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Burying Supplies in the Ground....

Discussion in 'Preparedness & Survival' started by theboss97338, Jan 13, 2013.

  1. theboss97338

    theboss97338 Salem,OR Member

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    I want to hid supplies in the ground at my bug out spot. What should I put my stuff in? I was thinking 5 gallon plastic bukets. Does anyone know anything bigger? I need some help. Thanks
     
  2. Swedish K

    Swedish K SW Washington Moderator Staff Member

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    When the ban hit in Australia people knew it was coming - for about 6 months prior to the ban date you couldn't get your hands on large diameter PVC pipe - it flew off the hardware store shelves as soon as it came in. In various places across the outback there are tubes of pvc filled with guns and ammo stuck down holes drilled with post hole diggers. I wonder how many people recall exactly where they buried their stash...
     
  3. theboss97338

    theboss97338 Salem,OR Member

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    I was looking to store food and medical supples not banned guns. Im keep my gun close!! :)
     
  4. mosinguy1

    mosinguy1 out by the ocean Active Member

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    Find the plastic 55 gal food grade drums with the reseable lids. There is a thread in here somewhere of a guy in OR that sells them cheap. I think it is in one of the water saving threads.
     
  5. cyborg

    cyborg Oregon City Active Member

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    I would be very hesitant to bury anything of value in the ground in a 5 gallon plastic bucket or a plastic 55gal barrel. I do not believe they would be a good choice to handle the pressure of the water and soil etc pressing against them. I believe better choices include 55 gal STEEL barrels with pop off lids which you can find on Craigslist or 120mm mortar round cans if you want something smaller. These particular cans have the dimensions such that some rifles can be placed inside (AR?)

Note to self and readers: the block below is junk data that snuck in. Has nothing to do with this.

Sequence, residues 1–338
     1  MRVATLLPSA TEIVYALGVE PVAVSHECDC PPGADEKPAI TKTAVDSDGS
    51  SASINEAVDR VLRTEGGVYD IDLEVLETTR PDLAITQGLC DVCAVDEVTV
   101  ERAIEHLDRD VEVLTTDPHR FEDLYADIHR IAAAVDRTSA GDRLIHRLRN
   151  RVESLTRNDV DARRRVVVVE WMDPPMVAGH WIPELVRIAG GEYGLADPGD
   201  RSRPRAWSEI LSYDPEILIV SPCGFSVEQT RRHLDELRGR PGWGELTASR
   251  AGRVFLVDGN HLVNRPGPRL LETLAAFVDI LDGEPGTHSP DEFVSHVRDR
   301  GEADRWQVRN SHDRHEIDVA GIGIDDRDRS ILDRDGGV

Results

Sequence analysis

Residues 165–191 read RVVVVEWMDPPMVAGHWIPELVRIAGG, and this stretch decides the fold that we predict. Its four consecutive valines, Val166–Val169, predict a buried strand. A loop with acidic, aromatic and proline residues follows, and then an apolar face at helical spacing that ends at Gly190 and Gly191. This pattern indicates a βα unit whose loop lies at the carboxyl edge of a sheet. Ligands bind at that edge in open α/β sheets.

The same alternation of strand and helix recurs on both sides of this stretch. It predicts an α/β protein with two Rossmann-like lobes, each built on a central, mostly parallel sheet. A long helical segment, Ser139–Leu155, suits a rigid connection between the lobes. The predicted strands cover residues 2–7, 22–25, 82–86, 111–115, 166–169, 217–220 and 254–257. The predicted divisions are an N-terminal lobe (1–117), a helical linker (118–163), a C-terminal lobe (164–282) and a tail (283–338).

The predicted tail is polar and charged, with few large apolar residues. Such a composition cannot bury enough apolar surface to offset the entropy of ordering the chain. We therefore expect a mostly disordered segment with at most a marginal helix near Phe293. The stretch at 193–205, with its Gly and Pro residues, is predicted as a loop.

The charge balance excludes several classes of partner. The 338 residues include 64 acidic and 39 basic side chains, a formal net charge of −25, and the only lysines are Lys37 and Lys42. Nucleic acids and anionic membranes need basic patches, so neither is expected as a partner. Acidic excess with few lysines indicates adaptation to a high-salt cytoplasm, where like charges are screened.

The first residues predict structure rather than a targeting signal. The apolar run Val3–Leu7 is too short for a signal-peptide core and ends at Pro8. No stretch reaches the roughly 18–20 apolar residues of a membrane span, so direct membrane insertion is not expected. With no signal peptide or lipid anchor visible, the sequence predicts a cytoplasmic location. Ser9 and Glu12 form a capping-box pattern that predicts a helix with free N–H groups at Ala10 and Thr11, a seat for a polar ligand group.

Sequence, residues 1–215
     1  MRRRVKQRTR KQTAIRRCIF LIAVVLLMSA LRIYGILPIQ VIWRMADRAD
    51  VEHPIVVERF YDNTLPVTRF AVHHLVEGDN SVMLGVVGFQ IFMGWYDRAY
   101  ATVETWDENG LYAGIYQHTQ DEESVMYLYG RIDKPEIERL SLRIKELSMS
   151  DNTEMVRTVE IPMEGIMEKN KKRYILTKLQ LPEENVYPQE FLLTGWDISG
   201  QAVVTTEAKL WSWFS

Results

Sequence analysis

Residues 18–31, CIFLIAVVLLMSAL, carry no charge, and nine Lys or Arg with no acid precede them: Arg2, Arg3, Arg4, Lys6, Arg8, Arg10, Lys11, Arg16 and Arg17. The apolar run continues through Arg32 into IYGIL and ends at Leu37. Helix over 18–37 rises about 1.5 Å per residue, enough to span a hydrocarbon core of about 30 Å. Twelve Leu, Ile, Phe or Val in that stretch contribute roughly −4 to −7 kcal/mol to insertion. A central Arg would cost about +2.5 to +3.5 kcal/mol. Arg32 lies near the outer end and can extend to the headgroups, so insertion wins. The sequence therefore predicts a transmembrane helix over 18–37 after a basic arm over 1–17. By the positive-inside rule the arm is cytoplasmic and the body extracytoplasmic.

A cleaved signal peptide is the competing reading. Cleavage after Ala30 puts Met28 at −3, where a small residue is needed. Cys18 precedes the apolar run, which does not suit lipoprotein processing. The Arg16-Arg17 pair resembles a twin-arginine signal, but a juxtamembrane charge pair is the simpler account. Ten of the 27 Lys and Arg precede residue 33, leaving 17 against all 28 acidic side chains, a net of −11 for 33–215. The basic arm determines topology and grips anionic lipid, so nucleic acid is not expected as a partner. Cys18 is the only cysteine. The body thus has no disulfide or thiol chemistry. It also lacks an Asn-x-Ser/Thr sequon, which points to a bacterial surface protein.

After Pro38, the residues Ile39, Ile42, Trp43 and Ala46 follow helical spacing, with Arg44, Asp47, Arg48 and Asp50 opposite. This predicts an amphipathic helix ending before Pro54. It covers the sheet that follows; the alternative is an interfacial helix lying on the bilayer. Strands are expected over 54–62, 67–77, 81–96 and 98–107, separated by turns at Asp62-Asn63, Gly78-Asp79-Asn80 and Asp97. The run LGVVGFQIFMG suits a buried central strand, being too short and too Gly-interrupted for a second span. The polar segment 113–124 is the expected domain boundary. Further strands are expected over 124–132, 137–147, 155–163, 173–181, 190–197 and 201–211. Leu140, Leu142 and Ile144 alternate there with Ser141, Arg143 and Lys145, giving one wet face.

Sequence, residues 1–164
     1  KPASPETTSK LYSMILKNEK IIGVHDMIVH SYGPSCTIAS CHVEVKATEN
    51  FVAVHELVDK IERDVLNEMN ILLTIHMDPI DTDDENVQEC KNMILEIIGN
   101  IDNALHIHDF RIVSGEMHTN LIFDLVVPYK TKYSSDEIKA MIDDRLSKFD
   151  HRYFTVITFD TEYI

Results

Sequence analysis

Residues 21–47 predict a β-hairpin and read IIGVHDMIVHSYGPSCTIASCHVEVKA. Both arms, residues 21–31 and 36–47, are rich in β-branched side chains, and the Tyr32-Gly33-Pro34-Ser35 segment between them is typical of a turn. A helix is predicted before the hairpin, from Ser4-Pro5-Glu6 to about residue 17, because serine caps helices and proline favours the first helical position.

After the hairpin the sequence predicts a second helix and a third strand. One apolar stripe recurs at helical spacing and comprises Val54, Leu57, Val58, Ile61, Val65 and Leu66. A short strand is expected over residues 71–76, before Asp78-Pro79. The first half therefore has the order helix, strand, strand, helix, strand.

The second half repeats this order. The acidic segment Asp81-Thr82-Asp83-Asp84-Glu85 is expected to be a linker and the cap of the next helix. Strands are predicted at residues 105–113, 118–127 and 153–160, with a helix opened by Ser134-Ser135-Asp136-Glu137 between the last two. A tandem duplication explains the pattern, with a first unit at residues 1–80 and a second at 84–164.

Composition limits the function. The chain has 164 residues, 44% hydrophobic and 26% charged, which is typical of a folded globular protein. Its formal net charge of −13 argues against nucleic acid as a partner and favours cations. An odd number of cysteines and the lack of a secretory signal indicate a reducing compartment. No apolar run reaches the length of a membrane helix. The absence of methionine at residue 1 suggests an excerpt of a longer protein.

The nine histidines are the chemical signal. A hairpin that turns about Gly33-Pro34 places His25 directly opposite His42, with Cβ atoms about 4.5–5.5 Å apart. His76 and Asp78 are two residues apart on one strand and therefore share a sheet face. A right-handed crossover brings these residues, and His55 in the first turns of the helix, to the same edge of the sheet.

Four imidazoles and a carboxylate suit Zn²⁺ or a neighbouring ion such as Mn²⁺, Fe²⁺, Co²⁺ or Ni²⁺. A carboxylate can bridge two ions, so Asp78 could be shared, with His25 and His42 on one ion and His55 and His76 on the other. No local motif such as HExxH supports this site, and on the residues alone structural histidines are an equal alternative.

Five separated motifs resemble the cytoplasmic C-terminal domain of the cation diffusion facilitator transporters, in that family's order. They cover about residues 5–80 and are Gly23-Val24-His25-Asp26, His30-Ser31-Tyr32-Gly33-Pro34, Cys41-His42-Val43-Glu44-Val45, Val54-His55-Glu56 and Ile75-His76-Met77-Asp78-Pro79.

120MM Mortar Can
     
  6. chemist

    chemist Beaverton OR Well-Known Member

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    I don't know that I've ever attempt it either - there are too many problems resisting the force of earth and water for years on end.
    But if I were going to do it, I'd segregate the non-metallic items and bury them in glass or ceramic, so they couldn't be found with a metal detector.

    "Geocaching" is all the rage right now, but remember that the GPS system is only accessible to civilians at the whim of the government. The stated plan, already in place, is to encrypt the satellite signals in times of national emergency, denying us regular folks access.
     
  7. Swedish K

    Swedish K SW Washington Moderator Staff Member

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    I know a guy who recently dug up his rifle that he had buried under a stump about 18 years ago. He had used vaseline as a cosmoline substitute, bagged that in mylar with a small desiccant pack, then bagged that all in a mylar bag filled with desiccant. After digging it up it looks and functions exactly as when he put it in the ground years ago. My guess is that he will now be doing the same with all of his back up guns / ammo.
     
  8. MountainBear

    MountainBear Sweet Home, OR Well-Known Member

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    Schedule 80 PVC pipe would do okay. You can get it in various lengths and fairly good diameters...
     
  9. TapRackNGo

    TapRackNGo PNW Well-Known Member

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  10. Fisher Bill

    Fisher Bill Tigard Member

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    I bought 12 of these on CL for $12.50 each and use them for my Earthquake preparedness/forest fire bugout kit (my new terms or definitions for those that ask).

    They are water proof, air proof, strong and stackable.

    Couple each for water, food, ammo, first aid and camp gear.

    I think the biggest challenge is moisture or condensation over time.

     
  11. Natty Bumpo

    Natty Bumpo Clackamas County Bronze Supporter Bronze Supporter

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    For G and A, I think I would want something rather thick walled and something not too brittle in some sort of polymer. And something that would have a positive, gasket sealed removable top, where I could inspect the contents from time to time. I might also consider a smaller tube inside a larger tube or some similar method that might offer the potential of defeating a metal detector.